Glen Canyon National Recreation Area

Glen Canyon National Recreation Area

History

Early Inhabitants

Small bands of prehistoric Indians, called Paleo-Indian people, roved and hunted through the Glen Canyon area at the end of the Ice Age, about 9,000 to 11,000 years ago. Later, a Desert Archaic culture developed that was based on a simple, nomadic lifestyle. 

Around 200 B.C., a new culture arose, the Ancestral Puebloan (Anasazi) Basketmakers. They were primarily hunters and gatherers and were named for their tightly woven, elaborate baskets. As their corn production steadily increased, they built more permanent settlements called pit houses. 

Over the centuries, communities expanded into the architecturally ingenious cliff dwellings that mark the Pueblo period. These Ancestral Puebloans installed irrigation systems and used other canyon resources to make exquisite baskets, pottery, tools and adornments. 

Defiance House, located in Forgotten Canyon, was occupied at the peak of the Ancestral Puebloan culture, from A.D. 1050 to 1250. As the last of the Ancestral Puebloans left the area, Paiute, Ute and Navajo tribes moved in (and still live in the Colorado Plateau area today). 

Daring Expeditions

Two young and spirited Spanish priests from Santa Fe led the first documented journey through the area in 1776. En route home after a futile attempt to find an overland trail to California, the Dominguez-Escalante party of 10 men cut through the Glen Canyon area as a harsh and early winter threatened their survival. Without the help of guides, they negotiated the maze of canyons, keeping detailed journals and maps. They named many of the features of the Four Corners area, including the Colorado River.

This portion of Arizona was ceded to the United States by Mexico in 1848. Although some military groups were sent into the area, it remained largely unexplored. 

Then in 1869, Major John Wesley Powell—soldier, scholar, scientist and fearless explorer—mounted the first of his two Colorado River expeditions. He mapped, explored and kept detailed journals on the 1,000-mile trip while the public back east avidly followed his daring expeditions. Powell proved to be an intrepid leader.

The Mormon Settlers

In Powell's footsteps, Mormon pioneers came to the area. In 1871, at the direction of the Mormon church, John D. Lee established a ferryboat service across the Colorado River at present-day Lees Ferry, providing the first acces-sible canyon crossing.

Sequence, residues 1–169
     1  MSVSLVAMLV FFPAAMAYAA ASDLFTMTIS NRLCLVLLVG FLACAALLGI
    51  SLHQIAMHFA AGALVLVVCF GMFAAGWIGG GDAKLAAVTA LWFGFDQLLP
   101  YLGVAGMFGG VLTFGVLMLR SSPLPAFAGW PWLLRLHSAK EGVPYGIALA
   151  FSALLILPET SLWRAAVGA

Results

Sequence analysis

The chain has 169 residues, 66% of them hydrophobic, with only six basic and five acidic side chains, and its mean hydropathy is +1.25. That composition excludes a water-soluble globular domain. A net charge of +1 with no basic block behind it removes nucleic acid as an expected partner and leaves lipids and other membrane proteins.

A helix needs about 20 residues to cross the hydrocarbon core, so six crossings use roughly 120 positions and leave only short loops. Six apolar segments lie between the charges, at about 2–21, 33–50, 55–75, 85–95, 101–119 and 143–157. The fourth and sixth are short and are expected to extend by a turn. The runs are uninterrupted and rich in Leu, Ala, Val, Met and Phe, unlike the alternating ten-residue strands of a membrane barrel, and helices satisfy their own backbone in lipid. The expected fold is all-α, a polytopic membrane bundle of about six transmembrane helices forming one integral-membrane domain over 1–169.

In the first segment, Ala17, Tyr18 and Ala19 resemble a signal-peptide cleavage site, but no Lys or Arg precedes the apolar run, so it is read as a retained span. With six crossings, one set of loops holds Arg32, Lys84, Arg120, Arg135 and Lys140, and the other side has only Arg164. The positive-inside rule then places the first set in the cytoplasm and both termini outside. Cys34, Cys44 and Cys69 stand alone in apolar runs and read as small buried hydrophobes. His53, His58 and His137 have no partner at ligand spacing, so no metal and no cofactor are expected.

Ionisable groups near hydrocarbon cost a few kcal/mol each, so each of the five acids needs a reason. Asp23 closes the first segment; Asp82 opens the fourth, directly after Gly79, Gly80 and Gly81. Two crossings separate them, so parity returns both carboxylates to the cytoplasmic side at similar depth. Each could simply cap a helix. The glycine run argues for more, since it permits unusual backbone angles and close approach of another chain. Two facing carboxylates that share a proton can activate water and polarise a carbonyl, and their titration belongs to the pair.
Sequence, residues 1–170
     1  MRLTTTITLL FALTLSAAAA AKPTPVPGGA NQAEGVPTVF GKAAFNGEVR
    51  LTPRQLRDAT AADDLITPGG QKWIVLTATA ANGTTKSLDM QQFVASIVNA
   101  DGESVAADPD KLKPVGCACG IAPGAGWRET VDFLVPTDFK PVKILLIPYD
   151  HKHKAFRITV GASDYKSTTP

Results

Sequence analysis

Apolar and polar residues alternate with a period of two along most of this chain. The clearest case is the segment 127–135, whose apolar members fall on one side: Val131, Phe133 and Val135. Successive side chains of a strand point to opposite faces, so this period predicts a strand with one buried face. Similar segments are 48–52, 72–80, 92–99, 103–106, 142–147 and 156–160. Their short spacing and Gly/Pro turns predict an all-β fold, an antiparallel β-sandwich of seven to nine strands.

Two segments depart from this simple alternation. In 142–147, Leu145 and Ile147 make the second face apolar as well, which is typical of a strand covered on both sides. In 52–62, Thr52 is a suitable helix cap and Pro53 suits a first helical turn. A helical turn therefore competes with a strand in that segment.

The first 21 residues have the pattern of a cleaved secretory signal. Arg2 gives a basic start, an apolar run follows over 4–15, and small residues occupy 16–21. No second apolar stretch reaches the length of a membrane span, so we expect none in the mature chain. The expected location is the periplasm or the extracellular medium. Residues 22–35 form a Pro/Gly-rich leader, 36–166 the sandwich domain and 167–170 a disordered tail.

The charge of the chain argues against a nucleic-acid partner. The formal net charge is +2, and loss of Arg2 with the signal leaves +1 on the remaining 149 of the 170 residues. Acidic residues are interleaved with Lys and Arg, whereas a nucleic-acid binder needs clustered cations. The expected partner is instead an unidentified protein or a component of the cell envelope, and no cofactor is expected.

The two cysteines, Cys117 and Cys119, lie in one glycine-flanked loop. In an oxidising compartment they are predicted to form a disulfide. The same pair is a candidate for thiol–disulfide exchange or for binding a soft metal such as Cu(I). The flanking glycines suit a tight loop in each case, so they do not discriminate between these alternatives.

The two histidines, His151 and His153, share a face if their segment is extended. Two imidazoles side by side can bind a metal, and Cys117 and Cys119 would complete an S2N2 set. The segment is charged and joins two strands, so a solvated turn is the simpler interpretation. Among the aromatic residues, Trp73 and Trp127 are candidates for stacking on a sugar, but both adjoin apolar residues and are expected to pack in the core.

One of the most courageous events of the early Utah pioneers was the Hole-in-the-Rock Expedition of 1879—1880. More than 200 people, 83 wagons, nearly 400 horses and more than 1,000 cattle headed eastward across southern Utah. Ahead of them lay 290 miles of the most -difficult terrain imaginable. They expected to reach their destination in six weeks, but instead, it took six months. At a point opposite Cottonwood Canyon, overlooking the Colorado River, they found it necessary to chop and blast the perilously steep path now known as "Hole-in-the-Rock." Ultimately, the settlers reached their destination, which is the town of Bluff, Utah today.

Gold and Grass

When gold was discovered in 1871, miners came in hordes to separate flour gold (fine flecks) from the mud of the Colorado and San Juan rivers. Much later, in the 1940s and early 1950s, there was a great mining boom in the area, this time it was for uranium.

Grass became another valuable resource as cattle and sheep ranches were established in the late 1800s. Drought and overgrazing affected the cattle industry, as did rustling. Robbers Roost, the occasional hideout of Butch Cas-sidy and the Wild Bunch, was located up the Dirty Devil River.

Tourism Comes to Glen Canyon

As time passed, increasing numbers of explorers, prospectors and pioneers were experiencing Glen Canyon. It was not until the early 1920s that tourism took the form of river trips outfitted and guided by David Rust, an early guide in Kanab. Rust built the trail from the North Rim of the Grand Canyon to the Colorado River, and then spanned the River with its first aerial crossing, by a tram attached to a cable. Rust took his tourists through Glen Canyon in canvas fold boats brought by wagon to Hite Crossing, and then taken out at Lees Ferry.

The Making of a Park

The area that is now Glen Canyon NRA was part of the 6,000-square-mile area proposed in the 1930s as Escalante National Park. World War II redirected national priorities and after the war, treaty agreements with Mexico and other commitments led to the construction of the Glen Canyon Dam, completed in 1966. 

During construction, it was agreed that the NPS would administer the reservoir's public use. In 1972, Congress established Glen Canyon National Recreation Area.